In a controversial ruling referring to easements on rail corridors converted to “interim” trail use in the State of Indiana, the Indiana Supreme Court on March 20, 2012 ruled that the land easements under which railroads had been built, would not apply to rail trails built on the former railroad right-of-ways. Not only, it seemed, would an interested party wanting to convert a rail corridor put up for abandonment into a trail have to negotiate with the rail line, but would have to buy out all the property owners of record that the line occupied as well.
This sent shockwaves through the trails community in Indiana.
Did this mean that rail trails built under federal railbanking statutes had no legal standing as trails in Indiana? Did this wipe out all possibility that a rail corridor up for abandonment in Indiana could ever be preserved as a rail trail?
In response to these and other concerns, the Hoosier Rails to Trails Council, Inc. (HRTC), investigated the matter, and in June,2012, published an article in its quarterly newsletter Hoosier Pathways.
The article expressed that the Indiana Supreme Court ruling would not, in fact, affect past or future efforts to preserve rail corridors under railbanking statutes. Notably, the article had the benefit of a review and approval by the Communications Department of the Surface Transportation Board of the U.S. Department of Transportation.
Surprisingly, on July 9, 2012, the Indiana Department of Transportation issued a ruling, subsequently adopted as policy by the Indiana Department of Natural Resources, which contradicted this understanding.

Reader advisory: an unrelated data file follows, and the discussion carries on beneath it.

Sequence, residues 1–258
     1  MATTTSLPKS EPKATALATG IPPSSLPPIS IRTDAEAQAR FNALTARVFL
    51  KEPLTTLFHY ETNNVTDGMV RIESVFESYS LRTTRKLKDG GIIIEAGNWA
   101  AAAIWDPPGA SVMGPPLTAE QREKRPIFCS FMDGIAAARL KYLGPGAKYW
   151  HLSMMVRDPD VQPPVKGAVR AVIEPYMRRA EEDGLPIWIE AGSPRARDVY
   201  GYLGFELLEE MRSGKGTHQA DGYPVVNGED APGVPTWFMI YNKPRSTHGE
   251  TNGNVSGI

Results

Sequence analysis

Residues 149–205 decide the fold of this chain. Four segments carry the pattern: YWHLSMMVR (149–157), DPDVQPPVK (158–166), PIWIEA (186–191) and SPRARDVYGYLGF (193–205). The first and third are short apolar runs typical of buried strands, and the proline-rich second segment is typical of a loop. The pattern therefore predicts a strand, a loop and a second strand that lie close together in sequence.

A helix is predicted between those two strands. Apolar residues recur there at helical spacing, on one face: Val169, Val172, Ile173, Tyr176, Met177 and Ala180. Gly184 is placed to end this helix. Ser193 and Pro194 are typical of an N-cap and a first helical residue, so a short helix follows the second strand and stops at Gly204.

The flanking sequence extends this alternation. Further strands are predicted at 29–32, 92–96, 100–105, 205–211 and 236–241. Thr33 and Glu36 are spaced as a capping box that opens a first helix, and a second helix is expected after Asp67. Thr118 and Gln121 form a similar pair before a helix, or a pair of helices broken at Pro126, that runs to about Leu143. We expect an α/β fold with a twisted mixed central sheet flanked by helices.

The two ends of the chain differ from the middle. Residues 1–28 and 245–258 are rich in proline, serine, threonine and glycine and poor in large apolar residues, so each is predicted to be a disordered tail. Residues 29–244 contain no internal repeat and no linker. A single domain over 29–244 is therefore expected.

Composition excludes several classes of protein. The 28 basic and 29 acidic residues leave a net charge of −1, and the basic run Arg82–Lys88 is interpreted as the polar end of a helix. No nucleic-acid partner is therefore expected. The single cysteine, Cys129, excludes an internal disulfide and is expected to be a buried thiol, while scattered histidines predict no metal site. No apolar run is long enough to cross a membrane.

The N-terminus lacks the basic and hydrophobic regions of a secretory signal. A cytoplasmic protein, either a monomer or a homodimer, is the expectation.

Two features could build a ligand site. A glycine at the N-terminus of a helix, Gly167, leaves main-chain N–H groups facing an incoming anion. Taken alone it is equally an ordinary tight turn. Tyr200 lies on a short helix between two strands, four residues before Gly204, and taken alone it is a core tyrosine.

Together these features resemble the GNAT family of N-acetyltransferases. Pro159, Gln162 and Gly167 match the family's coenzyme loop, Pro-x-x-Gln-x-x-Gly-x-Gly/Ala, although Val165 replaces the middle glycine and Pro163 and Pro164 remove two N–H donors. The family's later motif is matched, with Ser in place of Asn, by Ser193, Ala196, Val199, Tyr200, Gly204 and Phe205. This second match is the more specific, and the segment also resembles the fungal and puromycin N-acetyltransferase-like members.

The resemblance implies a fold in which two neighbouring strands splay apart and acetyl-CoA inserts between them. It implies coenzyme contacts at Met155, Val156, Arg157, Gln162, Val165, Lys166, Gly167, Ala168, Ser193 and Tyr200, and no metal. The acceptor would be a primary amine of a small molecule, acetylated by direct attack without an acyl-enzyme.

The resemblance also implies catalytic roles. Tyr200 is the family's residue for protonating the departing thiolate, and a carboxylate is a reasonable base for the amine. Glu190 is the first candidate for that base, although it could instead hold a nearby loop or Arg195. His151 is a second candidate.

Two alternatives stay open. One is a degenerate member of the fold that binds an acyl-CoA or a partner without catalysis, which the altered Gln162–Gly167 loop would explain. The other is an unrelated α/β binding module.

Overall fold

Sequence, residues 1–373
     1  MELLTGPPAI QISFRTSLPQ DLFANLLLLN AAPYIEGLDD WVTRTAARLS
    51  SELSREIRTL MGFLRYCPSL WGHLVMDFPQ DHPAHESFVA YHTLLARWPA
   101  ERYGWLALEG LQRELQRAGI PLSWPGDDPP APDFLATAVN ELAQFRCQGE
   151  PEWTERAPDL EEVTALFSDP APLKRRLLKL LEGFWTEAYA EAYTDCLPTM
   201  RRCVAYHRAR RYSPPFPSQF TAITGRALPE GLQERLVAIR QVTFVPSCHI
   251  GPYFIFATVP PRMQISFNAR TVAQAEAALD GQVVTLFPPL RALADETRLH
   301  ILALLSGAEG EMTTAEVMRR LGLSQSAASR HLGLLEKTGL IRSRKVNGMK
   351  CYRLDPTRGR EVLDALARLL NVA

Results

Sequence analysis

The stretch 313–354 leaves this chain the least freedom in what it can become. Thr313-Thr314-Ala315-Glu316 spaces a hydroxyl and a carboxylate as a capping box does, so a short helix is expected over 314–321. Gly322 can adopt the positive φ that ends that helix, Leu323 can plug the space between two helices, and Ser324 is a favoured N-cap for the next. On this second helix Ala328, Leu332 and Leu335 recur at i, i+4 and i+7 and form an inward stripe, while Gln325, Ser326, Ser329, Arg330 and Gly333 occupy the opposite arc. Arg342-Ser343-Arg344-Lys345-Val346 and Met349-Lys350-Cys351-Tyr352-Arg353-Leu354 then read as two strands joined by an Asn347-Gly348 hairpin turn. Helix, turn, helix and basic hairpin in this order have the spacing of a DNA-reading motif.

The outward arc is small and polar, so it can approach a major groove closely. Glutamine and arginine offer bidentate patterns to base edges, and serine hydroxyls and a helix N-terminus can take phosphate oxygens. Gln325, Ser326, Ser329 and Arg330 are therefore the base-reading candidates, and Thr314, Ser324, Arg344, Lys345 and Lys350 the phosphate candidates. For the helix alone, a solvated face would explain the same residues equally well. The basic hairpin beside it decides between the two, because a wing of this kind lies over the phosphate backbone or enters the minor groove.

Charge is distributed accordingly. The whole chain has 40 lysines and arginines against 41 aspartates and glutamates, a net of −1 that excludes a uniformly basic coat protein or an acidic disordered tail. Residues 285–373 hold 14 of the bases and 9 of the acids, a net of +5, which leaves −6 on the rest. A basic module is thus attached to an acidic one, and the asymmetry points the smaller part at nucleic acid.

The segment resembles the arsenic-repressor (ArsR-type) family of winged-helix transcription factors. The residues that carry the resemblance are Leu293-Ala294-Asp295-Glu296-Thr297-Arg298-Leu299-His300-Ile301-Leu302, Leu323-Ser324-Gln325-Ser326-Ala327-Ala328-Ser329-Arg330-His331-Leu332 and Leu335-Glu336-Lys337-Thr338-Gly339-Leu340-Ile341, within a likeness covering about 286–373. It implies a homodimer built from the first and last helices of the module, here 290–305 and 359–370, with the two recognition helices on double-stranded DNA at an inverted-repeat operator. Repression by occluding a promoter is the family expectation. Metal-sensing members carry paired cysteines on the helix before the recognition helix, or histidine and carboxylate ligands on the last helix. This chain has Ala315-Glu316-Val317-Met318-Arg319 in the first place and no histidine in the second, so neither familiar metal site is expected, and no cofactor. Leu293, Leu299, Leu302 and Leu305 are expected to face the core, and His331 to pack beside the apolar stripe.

The INDOT ruling, addressed to “local public agency and consultant partners” stated, in part, that “…if a railroad holds an easement for the purpose of operating a rail line, a public trail is not within the scope of such an easement. This is true even if the rail line is ‘railbanked’ under federal law for interim trail use.”
Responding to calls from constituents in Indiana, HRTC accepted the challenge of advocating for a correction of this patently erroneous interpretation, in our opinion, of standing federal statute.
The federal railbanking code conditionally preserves rail corridor right-of-ways as interim trails, allowing for potential reuse as active rail lines. In fact, the Surface Transportation Board, on April 30, 2012, clarified and refined the applicable statute which maintains that "A rail-banked line is not abandoned, but rather remains part of the national rail system..." (Docket EP 702, Surface Tranpsortation Board, February 10, 2011.)
In particular, the INDOT policy jeopardized long standing plans to extend the Nickel Plate Rail Trail from its southernmost terminus at Cassville, through to the north side of the City of Kokomo. Planning for this extension and three road crossings along the trail would provide a valuable and long sought amenity for the city. This ruling threw a monkey wrench into the longstanding plans.
Appeals to INDOT to reassess their ruling by the Rails to Trails Conservancy, as well as an inquiry by representatives of the Surface Transportation Board as to the legal status of the rule await an outcome.
Article by Mario Vian